An American woman and her Ugandan driver were released unharmed five days after they were kidnapped in Uganda's Queen Elizabeth National Park, according to a military spokesman.
Kidnappings are rare in peaceful Uganda, though this abduction occurred close to the border with Congo's restive North Kivu province. The hostages were found Sunday near the border by Ugandan special forces, Brig. Richard Karemire said.
The identity of the kidnappers remained unknown. A ransom was paid by Wild Frontiers, the tour company that organized the excursion, Karemire said, but the amount was not disclosed. The kidnappers had used one of the hostages' phones to make an initial demand of $500,000.
The American tourist, identified as Kimberly Sue Endicott, 35, of Costa Mesa, California, had been traveling with a couple described by police as elderly and a driver and guide named Jean-Paul Mirenge Remezo. Endicott and Remezo were returned to a lodge on Sunday night.
Four men had held them up at gunpoint Tuesday evening and then "grabbed two out of four ... before disappearing with them," police said in a statement. The other two tourists escaped unharmed.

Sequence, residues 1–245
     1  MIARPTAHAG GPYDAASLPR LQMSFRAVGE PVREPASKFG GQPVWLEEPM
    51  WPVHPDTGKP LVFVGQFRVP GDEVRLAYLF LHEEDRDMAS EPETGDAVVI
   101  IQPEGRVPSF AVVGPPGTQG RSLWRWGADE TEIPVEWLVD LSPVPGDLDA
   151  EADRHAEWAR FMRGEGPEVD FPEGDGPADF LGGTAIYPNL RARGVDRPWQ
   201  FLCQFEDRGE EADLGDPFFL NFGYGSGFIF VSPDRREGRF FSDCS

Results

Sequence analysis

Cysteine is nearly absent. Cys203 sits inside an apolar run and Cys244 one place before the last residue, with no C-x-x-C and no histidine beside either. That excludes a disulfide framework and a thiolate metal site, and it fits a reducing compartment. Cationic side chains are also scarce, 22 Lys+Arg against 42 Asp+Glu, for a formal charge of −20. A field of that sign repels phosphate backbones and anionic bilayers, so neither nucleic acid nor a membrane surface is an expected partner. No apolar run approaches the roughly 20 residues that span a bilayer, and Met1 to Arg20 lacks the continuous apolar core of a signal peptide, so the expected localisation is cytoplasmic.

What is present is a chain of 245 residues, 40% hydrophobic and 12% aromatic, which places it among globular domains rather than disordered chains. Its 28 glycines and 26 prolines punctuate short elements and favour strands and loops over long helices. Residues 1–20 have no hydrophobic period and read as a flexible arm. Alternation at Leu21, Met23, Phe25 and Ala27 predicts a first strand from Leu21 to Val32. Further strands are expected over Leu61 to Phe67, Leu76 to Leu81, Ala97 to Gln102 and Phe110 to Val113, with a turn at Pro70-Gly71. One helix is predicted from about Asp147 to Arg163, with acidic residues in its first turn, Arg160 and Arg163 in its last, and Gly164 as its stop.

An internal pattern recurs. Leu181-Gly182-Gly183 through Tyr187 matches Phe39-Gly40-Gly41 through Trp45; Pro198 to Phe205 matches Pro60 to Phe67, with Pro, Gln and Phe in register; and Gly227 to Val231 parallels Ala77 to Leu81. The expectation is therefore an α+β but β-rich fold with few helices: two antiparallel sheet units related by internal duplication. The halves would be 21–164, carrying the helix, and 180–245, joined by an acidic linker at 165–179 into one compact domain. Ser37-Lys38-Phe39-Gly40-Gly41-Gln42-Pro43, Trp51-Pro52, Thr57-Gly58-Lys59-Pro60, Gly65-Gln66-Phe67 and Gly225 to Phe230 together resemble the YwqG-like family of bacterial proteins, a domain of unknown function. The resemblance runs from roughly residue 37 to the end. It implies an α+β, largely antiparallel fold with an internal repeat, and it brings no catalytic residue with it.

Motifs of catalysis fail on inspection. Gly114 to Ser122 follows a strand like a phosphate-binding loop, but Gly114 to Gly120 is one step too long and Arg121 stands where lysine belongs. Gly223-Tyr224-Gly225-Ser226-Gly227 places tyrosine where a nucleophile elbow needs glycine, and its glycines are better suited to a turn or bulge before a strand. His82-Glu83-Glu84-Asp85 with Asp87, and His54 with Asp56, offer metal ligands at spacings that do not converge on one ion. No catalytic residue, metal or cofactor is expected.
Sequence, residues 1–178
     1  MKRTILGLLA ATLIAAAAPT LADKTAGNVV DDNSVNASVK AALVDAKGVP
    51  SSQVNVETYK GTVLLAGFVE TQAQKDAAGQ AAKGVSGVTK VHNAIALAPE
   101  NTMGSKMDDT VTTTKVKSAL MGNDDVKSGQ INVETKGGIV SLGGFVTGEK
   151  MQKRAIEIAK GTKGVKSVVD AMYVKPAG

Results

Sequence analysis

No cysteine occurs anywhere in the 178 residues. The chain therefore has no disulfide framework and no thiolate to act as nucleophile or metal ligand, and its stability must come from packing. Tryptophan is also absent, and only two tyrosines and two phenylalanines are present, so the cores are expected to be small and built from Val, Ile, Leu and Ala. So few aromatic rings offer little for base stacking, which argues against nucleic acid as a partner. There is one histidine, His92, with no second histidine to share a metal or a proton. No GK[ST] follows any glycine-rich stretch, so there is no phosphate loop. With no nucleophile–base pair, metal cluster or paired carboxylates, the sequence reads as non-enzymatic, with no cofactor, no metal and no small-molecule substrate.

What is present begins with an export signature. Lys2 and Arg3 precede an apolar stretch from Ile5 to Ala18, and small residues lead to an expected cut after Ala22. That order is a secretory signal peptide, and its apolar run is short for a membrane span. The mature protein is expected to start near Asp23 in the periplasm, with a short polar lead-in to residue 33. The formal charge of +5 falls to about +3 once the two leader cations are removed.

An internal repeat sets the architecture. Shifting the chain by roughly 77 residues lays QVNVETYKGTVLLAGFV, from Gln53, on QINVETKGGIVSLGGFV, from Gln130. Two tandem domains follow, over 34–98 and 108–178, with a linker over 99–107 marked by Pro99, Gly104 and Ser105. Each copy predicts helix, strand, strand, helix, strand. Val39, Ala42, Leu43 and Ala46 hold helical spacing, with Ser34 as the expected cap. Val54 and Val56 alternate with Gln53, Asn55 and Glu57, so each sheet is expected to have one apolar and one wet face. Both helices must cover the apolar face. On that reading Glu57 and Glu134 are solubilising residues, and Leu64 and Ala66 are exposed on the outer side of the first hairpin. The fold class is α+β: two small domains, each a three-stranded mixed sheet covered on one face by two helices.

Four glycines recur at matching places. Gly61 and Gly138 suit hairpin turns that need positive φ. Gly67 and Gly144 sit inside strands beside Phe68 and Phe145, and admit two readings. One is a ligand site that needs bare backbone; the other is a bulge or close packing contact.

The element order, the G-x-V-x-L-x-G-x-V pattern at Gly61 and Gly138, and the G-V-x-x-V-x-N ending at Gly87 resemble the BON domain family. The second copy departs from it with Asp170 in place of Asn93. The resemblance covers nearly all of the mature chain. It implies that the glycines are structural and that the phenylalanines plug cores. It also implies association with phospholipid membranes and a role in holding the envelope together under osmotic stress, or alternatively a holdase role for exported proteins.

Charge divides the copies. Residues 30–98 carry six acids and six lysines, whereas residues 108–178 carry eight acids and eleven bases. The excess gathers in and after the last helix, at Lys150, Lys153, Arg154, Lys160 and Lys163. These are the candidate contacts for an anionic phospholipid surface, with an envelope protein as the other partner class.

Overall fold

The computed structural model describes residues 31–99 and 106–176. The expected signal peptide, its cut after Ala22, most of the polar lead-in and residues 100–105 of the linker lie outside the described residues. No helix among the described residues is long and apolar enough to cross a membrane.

Both Queen Elizabeth National Park and Uganda more broadly are considered safe for tourists.
But just across the border in Congo, no fewer than 100 armed groups hold territory, some of which have kidnapped tourists visiting that country's Virunga National Park, a 3,000 square mile tract of tropical rain forest famed for its gorillas and active volcanoes. Virunga reopened in mid-February eight months after a deadly ambush forced its closure. A park ranger was killed trying to defend two British hikers and their guide, who were kidnapped and held for three days. More than 175 rangers have been killed in Virunga.
In a statement about the incident in Uganda, Secretary of State Mike Pompeo reiterated last week the U.S. government's policy of not paying ransoms.
"Please remember that any payment to a terrorist or a terrorist regime gives money so that they can seize more of our people," Pompeo said. "Even a small payment to a group in, say, Africa can facilitate the killing or seizure of tens or even hundreds of others, including Americans or foreign nationals in that region."
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